Rubio and Scott, too, may find that independent-minded voters will look harshly on senators who vote to place this president above the Constitution or the American people’s interest.

There seems little mystery how Florida’s senators will vote if the question of subpoenaing witnesses and documents is reopened during the impeachment proceedings. So far, they have marched in the same lockstep as their party peers in rejecting every motion by Democrats to do that.


Did the Florida senators mean it when they took that special oath to act as impartial jurors in the impeachment trial of President Donald J. Trump?


Rubio did state in a recent op-ed that the trial will be “open and even-handed ... serious and straightforward” — but in the next breath accused House Democrats of making a “mockery of the impeachment process” with “partisan theatrics.”


Rick Scott never made any pretense of independence from Trump. “House Democrats proved that @realDonaldTrump did nothing wrong. It’s time to end this circus and get back to work for the American people,” Scott tweeted the day before he raised his right hand and took that oath of impartiality.


On Wednesday, Scott told CNN’s Dana Bash that he would “absolutely” be open to witnesses, including former National Security Adviser John Bolton, but quickly added that “we would have to go through the right process” and blamed the House for not calling Bolton to testify (in fact, House Democrats did request testimony and documents from Bolton; they didn’t issue a subpoena).


We translate this to mean: “We’re not going to do the House’s work for them.”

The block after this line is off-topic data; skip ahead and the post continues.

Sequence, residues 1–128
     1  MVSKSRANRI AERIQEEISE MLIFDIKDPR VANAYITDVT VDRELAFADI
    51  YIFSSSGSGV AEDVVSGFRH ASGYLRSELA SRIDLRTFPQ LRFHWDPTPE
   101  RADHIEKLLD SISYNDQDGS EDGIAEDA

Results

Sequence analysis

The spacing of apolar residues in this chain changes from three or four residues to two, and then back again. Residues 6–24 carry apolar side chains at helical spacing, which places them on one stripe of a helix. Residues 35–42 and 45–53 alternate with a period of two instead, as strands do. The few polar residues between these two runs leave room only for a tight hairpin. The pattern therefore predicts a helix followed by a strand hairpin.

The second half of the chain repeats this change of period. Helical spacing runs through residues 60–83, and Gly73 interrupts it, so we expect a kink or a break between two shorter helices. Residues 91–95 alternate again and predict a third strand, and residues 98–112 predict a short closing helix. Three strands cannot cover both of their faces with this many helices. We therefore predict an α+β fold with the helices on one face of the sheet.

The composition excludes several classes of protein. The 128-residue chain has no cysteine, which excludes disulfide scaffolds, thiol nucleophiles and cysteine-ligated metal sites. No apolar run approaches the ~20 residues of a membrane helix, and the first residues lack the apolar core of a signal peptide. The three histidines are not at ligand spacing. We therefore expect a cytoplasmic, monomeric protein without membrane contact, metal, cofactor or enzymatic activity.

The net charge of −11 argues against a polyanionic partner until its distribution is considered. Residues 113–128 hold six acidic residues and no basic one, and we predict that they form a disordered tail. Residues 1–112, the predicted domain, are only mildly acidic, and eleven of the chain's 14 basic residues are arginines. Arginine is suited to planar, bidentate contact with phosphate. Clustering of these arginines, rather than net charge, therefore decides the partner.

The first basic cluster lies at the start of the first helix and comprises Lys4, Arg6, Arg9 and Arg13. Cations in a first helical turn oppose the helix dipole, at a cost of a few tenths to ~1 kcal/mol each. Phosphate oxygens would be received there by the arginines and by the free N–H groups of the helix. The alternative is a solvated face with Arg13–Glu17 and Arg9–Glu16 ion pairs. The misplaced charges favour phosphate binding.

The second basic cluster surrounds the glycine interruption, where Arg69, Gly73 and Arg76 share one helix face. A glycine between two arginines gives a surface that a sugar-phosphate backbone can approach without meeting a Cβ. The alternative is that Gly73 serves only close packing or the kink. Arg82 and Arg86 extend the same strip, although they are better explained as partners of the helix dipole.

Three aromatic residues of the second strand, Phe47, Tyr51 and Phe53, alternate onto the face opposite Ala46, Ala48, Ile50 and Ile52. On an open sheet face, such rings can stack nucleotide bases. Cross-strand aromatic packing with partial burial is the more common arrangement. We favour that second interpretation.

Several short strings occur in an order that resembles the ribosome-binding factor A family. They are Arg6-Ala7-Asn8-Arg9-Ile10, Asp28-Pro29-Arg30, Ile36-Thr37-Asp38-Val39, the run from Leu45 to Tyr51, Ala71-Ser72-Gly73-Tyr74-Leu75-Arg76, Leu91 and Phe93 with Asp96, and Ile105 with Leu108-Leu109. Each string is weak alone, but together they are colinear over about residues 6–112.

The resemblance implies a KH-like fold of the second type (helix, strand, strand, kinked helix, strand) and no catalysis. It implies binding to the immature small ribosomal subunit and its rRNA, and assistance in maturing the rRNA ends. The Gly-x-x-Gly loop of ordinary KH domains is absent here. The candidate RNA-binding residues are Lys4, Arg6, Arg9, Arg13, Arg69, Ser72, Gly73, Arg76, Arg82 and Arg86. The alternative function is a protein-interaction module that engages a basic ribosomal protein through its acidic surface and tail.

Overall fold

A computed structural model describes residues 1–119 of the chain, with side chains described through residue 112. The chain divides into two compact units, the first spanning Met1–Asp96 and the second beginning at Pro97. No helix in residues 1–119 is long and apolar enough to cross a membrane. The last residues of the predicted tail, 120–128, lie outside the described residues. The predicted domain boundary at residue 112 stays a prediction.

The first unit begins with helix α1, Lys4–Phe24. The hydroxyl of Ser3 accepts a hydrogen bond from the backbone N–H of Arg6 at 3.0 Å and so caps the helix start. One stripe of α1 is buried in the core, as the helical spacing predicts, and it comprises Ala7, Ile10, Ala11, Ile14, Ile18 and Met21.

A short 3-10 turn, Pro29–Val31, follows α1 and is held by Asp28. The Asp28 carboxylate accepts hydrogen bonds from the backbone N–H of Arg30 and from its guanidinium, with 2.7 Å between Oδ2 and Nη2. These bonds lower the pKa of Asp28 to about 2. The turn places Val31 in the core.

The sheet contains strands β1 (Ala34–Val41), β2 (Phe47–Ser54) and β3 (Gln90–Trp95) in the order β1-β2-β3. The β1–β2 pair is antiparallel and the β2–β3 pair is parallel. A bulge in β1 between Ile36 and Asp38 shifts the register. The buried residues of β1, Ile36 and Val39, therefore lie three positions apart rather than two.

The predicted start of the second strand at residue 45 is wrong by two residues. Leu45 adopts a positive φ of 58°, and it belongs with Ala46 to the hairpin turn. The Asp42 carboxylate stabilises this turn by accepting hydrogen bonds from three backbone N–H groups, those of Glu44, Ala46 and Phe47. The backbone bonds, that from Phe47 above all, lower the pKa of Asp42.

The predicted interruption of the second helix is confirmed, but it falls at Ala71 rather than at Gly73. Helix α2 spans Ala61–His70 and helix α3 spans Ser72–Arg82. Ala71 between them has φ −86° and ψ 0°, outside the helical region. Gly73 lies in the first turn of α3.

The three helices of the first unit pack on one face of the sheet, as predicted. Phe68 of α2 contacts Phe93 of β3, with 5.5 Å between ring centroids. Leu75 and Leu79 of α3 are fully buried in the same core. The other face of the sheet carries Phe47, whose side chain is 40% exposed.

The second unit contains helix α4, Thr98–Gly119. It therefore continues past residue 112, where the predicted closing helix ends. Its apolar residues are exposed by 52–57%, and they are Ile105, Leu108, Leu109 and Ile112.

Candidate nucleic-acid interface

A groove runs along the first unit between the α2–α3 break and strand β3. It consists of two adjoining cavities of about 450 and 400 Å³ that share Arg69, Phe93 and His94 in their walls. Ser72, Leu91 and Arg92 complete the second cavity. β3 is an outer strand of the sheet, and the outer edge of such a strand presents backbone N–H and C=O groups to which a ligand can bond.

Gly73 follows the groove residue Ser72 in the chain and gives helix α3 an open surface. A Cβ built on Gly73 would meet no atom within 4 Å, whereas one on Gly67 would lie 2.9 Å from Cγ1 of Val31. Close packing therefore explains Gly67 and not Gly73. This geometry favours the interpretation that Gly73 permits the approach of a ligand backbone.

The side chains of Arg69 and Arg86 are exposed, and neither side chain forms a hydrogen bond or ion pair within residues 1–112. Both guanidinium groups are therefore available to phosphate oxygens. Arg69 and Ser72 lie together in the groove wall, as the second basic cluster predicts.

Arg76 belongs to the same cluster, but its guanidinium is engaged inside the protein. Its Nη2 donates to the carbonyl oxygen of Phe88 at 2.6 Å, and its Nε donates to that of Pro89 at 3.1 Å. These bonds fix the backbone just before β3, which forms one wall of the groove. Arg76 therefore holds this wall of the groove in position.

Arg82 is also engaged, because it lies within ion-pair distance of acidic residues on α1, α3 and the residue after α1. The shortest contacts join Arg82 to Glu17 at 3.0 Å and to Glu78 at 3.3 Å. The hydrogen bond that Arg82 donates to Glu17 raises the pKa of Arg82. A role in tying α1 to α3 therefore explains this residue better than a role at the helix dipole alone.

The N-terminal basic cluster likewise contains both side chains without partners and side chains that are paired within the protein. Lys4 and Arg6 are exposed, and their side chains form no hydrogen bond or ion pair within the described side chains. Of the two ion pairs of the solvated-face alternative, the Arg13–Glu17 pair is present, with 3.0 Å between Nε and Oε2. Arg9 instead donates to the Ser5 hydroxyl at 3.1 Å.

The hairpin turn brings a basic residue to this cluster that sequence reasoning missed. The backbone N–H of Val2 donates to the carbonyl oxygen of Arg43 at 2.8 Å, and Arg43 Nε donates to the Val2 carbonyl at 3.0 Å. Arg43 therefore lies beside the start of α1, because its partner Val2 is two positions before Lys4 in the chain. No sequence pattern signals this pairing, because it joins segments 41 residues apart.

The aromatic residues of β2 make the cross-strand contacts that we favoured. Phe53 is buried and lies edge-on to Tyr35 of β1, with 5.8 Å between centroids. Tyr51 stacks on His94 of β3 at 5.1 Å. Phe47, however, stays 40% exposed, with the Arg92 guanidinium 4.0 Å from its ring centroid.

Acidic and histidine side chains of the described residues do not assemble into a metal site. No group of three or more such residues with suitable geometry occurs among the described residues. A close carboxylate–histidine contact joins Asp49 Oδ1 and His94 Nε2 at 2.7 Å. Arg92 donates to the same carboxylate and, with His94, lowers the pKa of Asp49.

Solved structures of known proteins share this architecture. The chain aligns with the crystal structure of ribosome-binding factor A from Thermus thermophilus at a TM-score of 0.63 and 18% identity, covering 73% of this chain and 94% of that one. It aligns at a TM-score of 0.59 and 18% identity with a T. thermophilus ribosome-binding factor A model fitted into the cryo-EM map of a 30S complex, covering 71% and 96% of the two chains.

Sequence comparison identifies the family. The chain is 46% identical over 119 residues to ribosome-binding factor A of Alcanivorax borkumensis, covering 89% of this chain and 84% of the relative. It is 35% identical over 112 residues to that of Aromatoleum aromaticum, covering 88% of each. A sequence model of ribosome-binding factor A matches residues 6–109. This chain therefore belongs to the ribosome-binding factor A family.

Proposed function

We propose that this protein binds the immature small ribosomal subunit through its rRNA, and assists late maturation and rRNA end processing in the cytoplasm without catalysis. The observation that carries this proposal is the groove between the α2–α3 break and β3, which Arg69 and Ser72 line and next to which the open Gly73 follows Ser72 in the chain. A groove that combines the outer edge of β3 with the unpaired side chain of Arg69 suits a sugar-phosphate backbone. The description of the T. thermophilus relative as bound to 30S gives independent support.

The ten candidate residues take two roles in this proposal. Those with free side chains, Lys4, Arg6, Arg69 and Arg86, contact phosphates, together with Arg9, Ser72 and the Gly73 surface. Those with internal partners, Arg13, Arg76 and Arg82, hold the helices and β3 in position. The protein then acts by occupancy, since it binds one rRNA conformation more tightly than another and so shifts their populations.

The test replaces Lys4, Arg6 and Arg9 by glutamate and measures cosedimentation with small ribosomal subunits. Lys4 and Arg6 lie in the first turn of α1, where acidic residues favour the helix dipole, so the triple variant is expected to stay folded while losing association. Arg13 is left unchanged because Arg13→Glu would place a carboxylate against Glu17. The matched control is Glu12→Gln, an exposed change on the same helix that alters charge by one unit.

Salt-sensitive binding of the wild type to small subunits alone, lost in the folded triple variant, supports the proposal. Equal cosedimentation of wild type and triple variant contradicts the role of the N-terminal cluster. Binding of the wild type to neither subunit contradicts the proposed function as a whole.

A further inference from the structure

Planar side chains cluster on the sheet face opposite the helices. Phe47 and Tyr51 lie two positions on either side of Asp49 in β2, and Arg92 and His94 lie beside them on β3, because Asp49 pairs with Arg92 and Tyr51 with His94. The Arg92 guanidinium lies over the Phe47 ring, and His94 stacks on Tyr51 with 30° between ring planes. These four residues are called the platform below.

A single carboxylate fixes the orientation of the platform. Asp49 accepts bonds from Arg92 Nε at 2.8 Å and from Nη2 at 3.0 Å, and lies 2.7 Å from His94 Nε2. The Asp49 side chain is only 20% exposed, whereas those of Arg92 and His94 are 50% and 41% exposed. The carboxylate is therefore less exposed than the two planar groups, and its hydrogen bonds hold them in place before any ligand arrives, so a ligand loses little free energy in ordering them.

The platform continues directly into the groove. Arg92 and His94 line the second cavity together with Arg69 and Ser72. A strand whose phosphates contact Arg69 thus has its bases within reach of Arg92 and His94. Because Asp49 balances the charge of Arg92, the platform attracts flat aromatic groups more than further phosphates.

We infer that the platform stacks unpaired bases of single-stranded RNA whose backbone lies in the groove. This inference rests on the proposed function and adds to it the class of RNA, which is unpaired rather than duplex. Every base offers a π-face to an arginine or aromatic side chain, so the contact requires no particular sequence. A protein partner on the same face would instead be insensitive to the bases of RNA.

But the question remains: Do the senators wish to be part of a trial that genuinely seeks to get to the truth for the American people?


Over and over, Trump’s Republican defenders have derided the House Democrats’ impeachment case as thin because it contains no testimony from first-hand witnesses.


Now the Senate has the chance to hear from those first-hand participants — including Bolton, who has offered to testify. But instead, the Republicans have huddled with the White House to keep as much information under wraps as possible.


They’re not just protecting Trump. They’re keeping the American people in the dark.


We should ask why.


Take the case of Bolton. He knows as much as anyone about what happened during the Ukraine affair. Democrats want him to testify — even though they can’t be sure of what he would say. For all they know, Bolton’s answers might backfire on them and help Trump. Still, the Democrats are willing to take the risk.


Republicans, however, look afraid — and voters should take note.


Similarly, Gov. Ron DeSantis wants the public to know nothing about his ties to Lev Parnas, the erratic Boca Raton businessman turned Rudy Giuliani fixer in Ukraine.


But running away from questions won’t end them. And the governor may find that the taint of Trump’s impeachment may attach to him unless he gives a full accounting of his dealings with this key figure in the Ukraine scandal.


Rubio and Scott, too, may find that independent-minded voters will look harshly on senators who vote to place this president above the Constitution or the American people’s interest.


A longer version of this editorial appeared in The Palm Beach Post.